“What do you remember about last night?” he asked, abruptly.
His eyes found mine and I was struck by their unique color. Last summer, I’d taken a trip to California, to visit my grandmother. She and I had hiked to the top of a bluff that overlooked a forest, thick with redwoods, and picnicked there, just the two of us. His eyes reminded me of the redwoods; a swirling mixture of tawny brown.
I blinked, trying to remember the question. “Nothing, actually. Which is pretty frustrating, let me tell you. Are you finally going to tell me where these scratches came from?”
“Like I said, it wasn’t me. I just happened to come along at the right time.”
“What does that mean?”
My cell phone rang, cutting off his response. I looked around, only to remember I still held it in my hand. I loosened my grip and glanced at the screen.
“Go ahead,” Wes said, gesturing towards the ringing phone. “I’ll wait.”
I flipped open the phone. “Hello?”
“Are you okay? Angela was in the office and heard that your mom called and said you were sick.”
I hesitated. I’d fully intended to disclose my situation –a.k.a. scream for help - to the first person who called and then wait to be rescued from Wes, the crazy bedroom stalker. I glanced over at him, wondering why he’d even let me answer the phone at all. If he was going to hurt me, he could’ve done it already – and he definitely wouldn’t have let me take this call. His eyes glinted back at me, in a silent challenge. He was willing to risk me telling someone? Why? What exactly was going on here?
“Yeah, I’m sick,” I said finally. “The flu, I think.”
“Listen, Tay, about last night. I really think we should talk about this.”
As soon as I realized where this was going, my headache began pounding in time to George’s voice. “George, I don’t feel good. Now’s not a good time.”
“Okay, I get it.” I could almost hear his shoulders slumping. “Can I call you later?”
I hesitated. “Yeah, sure.”
We hung up and I found Wes watching me. “You didn’t scream for help.”
I met his eyes; yep, definitely a challenge there. “I want to know what’s going on. What happened to me last night?”
“You were attacked.”
I nodded. His answer wasn’t all that surprising. I had figured as much, after seeing the scratches on my abdomen. I just hoped that ‘attack’ didn’t mean… I wouldn’t think about that. “Attacked by who?”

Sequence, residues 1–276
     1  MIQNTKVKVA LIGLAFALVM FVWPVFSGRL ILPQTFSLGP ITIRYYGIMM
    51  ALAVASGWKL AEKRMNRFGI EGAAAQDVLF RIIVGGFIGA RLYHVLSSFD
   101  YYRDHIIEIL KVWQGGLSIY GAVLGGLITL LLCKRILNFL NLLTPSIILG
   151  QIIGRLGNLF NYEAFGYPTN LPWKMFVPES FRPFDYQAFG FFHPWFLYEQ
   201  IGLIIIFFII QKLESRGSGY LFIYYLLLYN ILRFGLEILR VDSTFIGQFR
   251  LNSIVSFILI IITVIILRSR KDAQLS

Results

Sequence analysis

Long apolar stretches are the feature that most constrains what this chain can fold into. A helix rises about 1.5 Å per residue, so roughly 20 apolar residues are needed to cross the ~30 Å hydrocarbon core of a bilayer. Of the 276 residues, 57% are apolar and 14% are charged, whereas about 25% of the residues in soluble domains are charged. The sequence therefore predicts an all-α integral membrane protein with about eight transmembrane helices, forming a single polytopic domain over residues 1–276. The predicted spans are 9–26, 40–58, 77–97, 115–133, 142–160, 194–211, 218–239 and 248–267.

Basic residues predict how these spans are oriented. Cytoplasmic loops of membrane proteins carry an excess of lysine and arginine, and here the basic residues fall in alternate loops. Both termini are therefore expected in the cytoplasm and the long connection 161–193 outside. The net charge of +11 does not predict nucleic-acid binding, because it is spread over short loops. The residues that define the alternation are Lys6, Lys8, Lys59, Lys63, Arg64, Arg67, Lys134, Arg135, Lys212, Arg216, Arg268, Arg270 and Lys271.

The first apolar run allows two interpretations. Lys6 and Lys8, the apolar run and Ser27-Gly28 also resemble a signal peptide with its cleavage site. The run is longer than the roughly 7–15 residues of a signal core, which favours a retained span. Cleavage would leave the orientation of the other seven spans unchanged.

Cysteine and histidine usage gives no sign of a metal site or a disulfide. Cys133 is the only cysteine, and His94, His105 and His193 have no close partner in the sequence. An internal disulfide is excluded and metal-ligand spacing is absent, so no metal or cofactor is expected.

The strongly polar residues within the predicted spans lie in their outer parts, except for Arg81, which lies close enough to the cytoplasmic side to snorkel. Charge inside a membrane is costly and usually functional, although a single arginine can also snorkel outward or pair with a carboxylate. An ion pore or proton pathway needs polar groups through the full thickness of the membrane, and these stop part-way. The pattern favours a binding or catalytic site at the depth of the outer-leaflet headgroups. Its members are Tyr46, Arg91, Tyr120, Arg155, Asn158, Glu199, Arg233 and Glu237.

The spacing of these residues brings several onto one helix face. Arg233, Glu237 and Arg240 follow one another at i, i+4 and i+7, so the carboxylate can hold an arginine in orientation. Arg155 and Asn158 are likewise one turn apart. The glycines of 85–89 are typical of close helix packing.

“Her name was Liliana.”
“I was attacked by a girl?” Okay, I know that probably sounds sexist, but I’d fully expected my attacker to be male. I mean, I’m a seventeen year old high school student. I’ve seen the after-school specials. I know what “attacked” usually means for a girl like me.
Wes ran a hand through his hair, further tousling it, and shifted in the chair. “What do you remember?”
“Nothing.” Then I added, “Actually I remembered one thing, a flash of something really. Of looking at myself in the mirror, bloody and bruised. But that’s it.”
“Hmm. It must’ve worked better than I thought.” He was staring at a spot on the wall; he seemed to be talking to himself again.
His reticence was really getting annoying. “Would you just spit it out already? Why was I attacked?”
“Fine. I don’t know what started it. I wasn’t there for that part. By the time I got there, Liliana was already on the ground.”
“On the ground? You mean I hurt her?”
“Yes, which was definitely a surprise to me and why I’m here now. But what you need to know is that Liliana was more than just some girl. She was a Werewolf.”
Wes might’ve kept talking after that, but all sound and movement suddenly ceased for me. I was still stuck on that last word: Werewolf. I would have laughed out loud right then, but there was no denying Wes was serious. He absolutely believed that this Liliana girl was a Werewolf and the look on his face told me arguing wouldn’t change a thing. This just figured. The hottest guy I’d ever seen, alone with me in my room, and he was completely whacked.
I abruptly cut off whatever he was saying. “You seriously just said Werewolf, didn’t you?”
He stopped, midsentence, and his shoulders sagged a little. “Yeah.”
“Do I need to explain how crazy that sounds?” I decided my wording might be better than ‘you’re crazy’, which is what I was thinking.
“What I don’t get is what you are,” he said, basically ignoring my question.
“Hello? Are you listening to me?”
“Yeah, just trying to figure this out,” he said, distractedly.
“That makes two of us,” I muttered.
He sighed, like he was getting impatient. “This will be easier for you when you remember. Close your eyes.”
“Close your eyes.”
“I’m going to help you remember.”
Hope you enjoyed the sample of Dirty Blood. If you want to read the rest of the story, you can buy it on Amazon for your Kindle, or go to Smashwords, and download it in the format of your choice. Check back next week for another sneek peek!